The State’s notice of appeal also cites the civil appeal statute, K.S.A. 2009 Supp. 60-2102. The State does not explain how this statute applies. Proceedings pursuant to K.S.A. 60-1507 are civil in *562nature. In Rice v. State, 37 Kan. App. 2d 456, 459, 154 P.3d 537, rev. denied 284 Kan. 946 (2007), the State claimed that a K.S.A. 60-1507 motion was successive because the movant had sought and obtained a remand under Van Cleave for a hearing on claims of ineffective assistance of counsel. This court found the Van Cleave hearing was “part and parcel of the direct criminal appeal” and, therefore, was not the equivalent of a motion under K.S.A. 60-1507. Rice, 37 Kan. App. 2d at 461. Similarly, the remand here for a Van Cleave hearing is part and parcel of Elnicki’s direct criminal appeal and, therefore, the civil appeal statute does not apply.

We have no jurisdiction to consider the State’s appeal. The State’s appeal is dismissed.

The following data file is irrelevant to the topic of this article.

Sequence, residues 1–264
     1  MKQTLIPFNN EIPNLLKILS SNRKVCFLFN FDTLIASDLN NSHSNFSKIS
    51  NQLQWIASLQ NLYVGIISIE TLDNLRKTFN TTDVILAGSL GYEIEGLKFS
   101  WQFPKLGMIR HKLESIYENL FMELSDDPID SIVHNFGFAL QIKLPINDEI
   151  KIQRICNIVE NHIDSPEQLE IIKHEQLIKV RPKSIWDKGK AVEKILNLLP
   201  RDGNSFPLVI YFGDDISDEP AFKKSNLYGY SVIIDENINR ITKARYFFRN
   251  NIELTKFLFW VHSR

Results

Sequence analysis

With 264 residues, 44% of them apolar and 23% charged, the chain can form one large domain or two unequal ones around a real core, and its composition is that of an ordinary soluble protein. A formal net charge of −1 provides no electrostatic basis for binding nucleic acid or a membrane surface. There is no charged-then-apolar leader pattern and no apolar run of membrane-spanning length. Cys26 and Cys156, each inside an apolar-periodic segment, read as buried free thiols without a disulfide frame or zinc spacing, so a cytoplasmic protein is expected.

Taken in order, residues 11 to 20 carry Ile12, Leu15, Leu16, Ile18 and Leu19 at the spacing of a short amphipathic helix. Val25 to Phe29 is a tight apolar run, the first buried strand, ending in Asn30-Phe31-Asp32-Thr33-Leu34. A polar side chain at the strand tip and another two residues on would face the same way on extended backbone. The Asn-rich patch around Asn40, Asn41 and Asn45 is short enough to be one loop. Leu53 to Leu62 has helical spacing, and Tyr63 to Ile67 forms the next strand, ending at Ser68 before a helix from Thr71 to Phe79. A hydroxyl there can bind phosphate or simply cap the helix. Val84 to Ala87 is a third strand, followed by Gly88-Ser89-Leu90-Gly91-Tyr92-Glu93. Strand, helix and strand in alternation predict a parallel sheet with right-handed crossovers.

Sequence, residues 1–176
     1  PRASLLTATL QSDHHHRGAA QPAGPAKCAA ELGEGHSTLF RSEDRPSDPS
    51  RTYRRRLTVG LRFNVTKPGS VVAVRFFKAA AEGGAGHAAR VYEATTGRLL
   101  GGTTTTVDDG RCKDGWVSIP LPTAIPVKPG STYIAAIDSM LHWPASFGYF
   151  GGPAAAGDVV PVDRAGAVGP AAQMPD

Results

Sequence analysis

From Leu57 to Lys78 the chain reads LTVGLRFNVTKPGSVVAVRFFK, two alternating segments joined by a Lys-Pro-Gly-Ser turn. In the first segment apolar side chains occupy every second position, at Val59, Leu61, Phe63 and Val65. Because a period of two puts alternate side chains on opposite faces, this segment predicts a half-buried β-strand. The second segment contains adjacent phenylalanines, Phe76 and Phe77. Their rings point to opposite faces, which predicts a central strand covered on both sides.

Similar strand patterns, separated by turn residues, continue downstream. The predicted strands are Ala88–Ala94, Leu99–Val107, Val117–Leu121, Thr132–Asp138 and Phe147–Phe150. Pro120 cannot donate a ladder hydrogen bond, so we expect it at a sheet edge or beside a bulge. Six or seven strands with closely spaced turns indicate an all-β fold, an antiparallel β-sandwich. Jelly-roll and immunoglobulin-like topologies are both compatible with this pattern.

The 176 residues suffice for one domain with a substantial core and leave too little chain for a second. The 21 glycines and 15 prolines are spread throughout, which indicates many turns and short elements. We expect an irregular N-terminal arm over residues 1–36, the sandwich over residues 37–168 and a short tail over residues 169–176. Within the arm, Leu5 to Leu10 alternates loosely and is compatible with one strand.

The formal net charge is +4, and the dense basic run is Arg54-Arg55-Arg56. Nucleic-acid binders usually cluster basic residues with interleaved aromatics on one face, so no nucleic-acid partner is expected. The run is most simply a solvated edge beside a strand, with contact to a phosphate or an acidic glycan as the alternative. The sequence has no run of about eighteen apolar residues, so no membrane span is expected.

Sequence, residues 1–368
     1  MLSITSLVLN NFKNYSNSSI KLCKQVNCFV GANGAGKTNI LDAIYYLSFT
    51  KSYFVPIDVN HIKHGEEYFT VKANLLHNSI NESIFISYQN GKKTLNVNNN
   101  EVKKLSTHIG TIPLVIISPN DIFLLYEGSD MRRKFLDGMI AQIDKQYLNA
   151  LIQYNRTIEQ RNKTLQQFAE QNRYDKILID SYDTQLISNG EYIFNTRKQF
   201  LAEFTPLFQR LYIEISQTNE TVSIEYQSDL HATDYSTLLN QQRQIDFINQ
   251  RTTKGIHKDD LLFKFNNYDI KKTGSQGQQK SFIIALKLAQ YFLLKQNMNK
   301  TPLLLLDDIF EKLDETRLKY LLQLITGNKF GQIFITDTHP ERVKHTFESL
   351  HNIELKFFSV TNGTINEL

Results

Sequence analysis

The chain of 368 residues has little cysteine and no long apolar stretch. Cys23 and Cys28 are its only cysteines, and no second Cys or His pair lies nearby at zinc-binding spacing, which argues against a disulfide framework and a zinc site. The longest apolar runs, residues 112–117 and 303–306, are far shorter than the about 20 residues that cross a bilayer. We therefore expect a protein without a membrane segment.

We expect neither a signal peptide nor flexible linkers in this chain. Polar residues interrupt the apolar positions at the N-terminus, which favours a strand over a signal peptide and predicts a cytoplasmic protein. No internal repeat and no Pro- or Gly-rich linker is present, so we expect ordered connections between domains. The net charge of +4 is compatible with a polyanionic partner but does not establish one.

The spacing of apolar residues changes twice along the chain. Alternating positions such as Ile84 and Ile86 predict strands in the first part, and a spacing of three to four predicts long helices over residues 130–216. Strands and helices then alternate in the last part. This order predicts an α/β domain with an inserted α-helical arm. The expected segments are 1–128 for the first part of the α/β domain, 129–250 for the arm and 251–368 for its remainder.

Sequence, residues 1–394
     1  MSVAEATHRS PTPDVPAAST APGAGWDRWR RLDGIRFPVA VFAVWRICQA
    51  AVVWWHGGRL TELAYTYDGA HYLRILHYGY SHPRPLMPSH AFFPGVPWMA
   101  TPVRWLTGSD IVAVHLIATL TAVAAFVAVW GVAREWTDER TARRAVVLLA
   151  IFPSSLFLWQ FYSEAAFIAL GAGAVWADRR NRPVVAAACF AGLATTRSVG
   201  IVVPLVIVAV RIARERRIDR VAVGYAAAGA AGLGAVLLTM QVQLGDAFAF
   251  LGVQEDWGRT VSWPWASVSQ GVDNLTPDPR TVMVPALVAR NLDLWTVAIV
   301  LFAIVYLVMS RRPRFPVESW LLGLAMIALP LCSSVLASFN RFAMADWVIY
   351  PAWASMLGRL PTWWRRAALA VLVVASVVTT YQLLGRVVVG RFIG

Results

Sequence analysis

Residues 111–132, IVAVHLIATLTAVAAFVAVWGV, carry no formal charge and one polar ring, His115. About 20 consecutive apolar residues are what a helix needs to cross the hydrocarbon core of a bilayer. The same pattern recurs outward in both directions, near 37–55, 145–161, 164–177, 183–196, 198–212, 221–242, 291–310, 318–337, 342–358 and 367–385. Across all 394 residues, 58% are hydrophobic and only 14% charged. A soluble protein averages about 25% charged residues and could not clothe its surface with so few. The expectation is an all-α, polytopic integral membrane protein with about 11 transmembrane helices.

III. Elnicki’s Claims of Error During His Second Trial

Following the district court’s denial of Elnicki’s motion to dismiss for violating his right to a speedy trial, Elnicki was retried on the rape and aggravated criminal sodomy charges. He was again convicted of rape and he now appeals various claimed errors in that second trial.

Because the district court ordered a third trial following the Van Cleave hearing and while this appeal has been pending, these claims of error in Elnicki’s second trial are now moot. The only issue which is likely to reoccur is the propriety of admission of the redacted videotape of Elnicki’s statements to the authorities, and that issue has not been adequately preserved for our review.